Posts tagged ‘reading’

February 1, 2014

I’m only Ten Years Late

Stitch ‘n bitch: the knitter’s handbook, by Debbie Stoller, was published in 2003, and I’ve finally gotten around to reading it over. (It only looks like I’m eleven years late. I actually did this last year, but I kept putting off writing about it.)

I have reasons for taking this long. They may not be good reasons, but I have them! The book is part of Debbie Stoller’s mission to let people know that knitting is cool. Well, you know . . . I learned how to knit in the late ’70s, when I was nine years old. I thought it was neat, and fun, and if people didn’t think I was weird because I knit, they thought I was weird for other reasons. In other words, the coolness factor wasn’t an issue for me. Plus, by the time Stitch ‘n bitch came out, I was really tired of hearing that Julia Roberts could be found knitting between takes on movie sets. I did not think this book was for me.

But, my mom got a copy for herself at some point. After she died, I took it home, and eventually I decided that as long as I had it, I might as well give it a look.

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August 16, 2012

Vive la révolution!

(Another installment in the “Things I’ve Been Meaning to Post About” series.)

Hunter Hammersen’s ‘blog, Violently Domestic, is one that I read, as regularly as I’ve been reading any lately. You might notice it’s over there in the “Blog Roll” in the column on the right. I really like her writing style, and if you’re looking for something else to read — maybe with knitting, and cats, and moths on the mailbox — you should pop on over there and give it a look.

Hunter, as you may know, is the author/designer of Silk Road Socks, and The Knitter’s Curiosity Cabinet, two books that I don’t have, but, damn it, I want them. She’s just put out a third book, Rabble Rousers, AKA, What to Knit When You’re Up to No Good. This one, I’m happy to say, I do have.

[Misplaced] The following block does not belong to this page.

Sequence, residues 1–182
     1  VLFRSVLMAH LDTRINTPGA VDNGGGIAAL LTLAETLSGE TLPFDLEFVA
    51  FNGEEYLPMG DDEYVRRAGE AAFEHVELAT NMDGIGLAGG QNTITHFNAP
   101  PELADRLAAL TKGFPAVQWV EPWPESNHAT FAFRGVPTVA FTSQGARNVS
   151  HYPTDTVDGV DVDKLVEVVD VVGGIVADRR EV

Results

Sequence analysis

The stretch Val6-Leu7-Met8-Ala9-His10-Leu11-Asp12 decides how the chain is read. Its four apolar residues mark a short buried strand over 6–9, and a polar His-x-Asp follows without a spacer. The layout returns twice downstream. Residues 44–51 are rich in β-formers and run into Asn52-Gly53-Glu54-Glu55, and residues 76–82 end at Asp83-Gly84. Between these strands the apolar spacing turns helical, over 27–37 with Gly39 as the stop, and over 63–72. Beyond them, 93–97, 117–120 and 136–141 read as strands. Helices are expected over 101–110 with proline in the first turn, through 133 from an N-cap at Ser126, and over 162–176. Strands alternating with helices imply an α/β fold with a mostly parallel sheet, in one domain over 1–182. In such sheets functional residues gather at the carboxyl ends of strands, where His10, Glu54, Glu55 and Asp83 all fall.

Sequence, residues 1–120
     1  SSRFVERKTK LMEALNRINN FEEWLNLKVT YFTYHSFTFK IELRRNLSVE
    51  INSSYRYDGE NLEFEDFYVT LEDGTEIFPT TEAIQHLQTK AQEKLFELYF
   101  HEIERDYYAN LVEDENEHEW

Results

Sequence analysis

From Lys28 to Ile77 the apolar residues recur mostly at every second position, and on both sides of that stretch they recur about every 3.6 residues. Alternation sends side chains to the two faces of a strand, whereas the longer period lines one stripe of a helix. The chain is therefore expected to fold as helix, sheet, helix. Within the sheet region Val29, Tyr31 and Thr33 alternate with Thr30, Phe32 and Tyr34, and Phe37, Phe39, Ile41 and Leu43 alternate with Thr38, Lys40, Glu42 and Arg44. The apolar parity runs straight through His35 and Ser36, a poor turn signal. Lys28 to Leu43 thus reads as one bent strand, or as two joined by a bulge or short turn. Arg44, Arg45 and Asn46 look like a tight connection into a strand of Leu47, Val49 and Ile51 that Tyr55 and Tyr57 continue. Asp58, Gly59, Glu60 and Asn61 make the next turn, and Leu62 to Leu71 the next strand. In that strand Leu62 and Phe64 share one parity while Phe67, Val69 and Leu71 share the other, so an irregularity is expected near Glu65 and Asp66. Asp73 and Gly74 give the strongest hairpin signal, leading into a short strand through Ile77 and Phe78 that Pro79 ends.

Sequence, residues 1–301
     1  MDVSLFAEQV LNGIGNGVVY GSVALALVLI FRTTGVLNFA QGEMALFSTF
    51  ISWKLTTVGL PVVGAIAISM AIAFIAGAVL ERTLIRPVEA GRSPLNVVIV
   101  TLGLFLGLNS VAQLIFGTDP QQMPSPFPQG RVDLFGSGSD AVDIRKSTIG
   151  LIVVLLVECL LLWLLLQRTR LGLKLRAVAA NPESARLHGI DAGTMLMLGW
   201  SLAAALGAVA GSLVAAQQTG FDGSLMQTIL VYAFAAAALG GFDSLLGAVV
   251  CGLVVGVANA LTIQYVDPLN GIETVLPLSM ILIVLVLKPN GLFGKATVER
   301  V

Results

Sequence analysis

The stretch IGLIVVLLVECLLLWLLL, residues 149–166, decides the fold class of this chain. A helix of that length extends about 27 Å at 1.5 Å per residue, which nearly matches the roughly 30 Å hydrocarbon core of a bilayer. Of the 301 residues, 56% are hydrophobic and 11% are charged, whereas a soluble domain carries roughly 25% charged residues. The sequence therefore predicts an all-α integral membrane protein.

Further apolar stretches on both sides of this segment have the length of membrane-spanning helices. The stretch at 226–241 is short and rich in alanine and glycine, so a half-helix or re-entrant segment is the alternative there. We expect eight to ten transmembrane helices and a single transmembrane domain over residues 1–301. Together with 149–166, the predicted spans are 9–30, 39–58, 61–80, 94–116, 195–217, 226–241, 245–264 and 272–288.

In honor of the book’s launch, Hunter started giving away some of the yarn that was used in some of the patterns. The first one was Briar Rose Wistful, a worsted weight alpaca/merino/silk blend, which was used to make Clamor, a cute hat pattern. Now, if you go look at the Briar Rose website, you might notice the price on a skein of this lovely yarn and think, “Whoa, $40 for a single skein?” But look closer. That’s a half-pound skein. Not as expensive as you thought, huh? It’s so much yarn that Hunter decided to split it in two, to spread the yarn love a little further. This is what a half-skein looks like:

Briar Rose Wistful

Yeah, in other words, I was one of the lucky winners! But isn’t that yarn gorgeous? I don’t think the picture does the colors justice at all.

Anyway, this is all to show off my pretty yarn a lead up to saying that Hunter has one last give away to do, and it’s for three skeins of Malabrigo Aroyo. That is, three different people will each get one skein. It’s another really pretty yarn. So pretty that Hunter bought it, even though this particular colorway is largely pink. All you have to do to be entered in the drawing is read this post, and leave a comment by Friday night. There are already 97 comments, but since there are three skeins, your odds are more like one in 33 than one in 100, right? There is no hard and fast time set for when the comments will be closed, so I’d just say get over there and comment. Then go and read some of her older posts, and put her on your regular reading list.

March 2, 2012

Archie Comics: the Controversy

And I’m not talking about the ill-fated revamping of Betty and Veronica.

The group One Million Moms, part of the American Family Association, is trying to get Toys ‘R Us to remove Life with Archie #16 from their shelves, because it depicts gay marriage in a positive, non-threatening light. Of course, according to that blog post I linked there, they’re out of luck, since the issue sold out.

I’m not really a big Archie fan, but maybe I should be.

I really like the response from the team at Gutters.

August 25, 2011

Suggestions?

I feel like I should read some knitting ‘blogs. I should probably say “more knitting ‘blogs,” but I already said this on my LJ, and that’s how I phrased it there.

What do you read?

April 6, 2011

Crafting comes up in the weirdest places

She made a gesture with her hands that reminded Hollis, in some dimly unsettling way, of the crocheted model uterus her Family Life Education teacher had used as an instructional aid.

That’s from Spook Country, by William Gibson. You know, the cyberpunk author. Mona Lisa Overdrive and all that.

I don’t know which is stranger, the idea of using a crocheted model uterus as an instructional aid, or that William Gibson knows, however vaguely, what crochet is.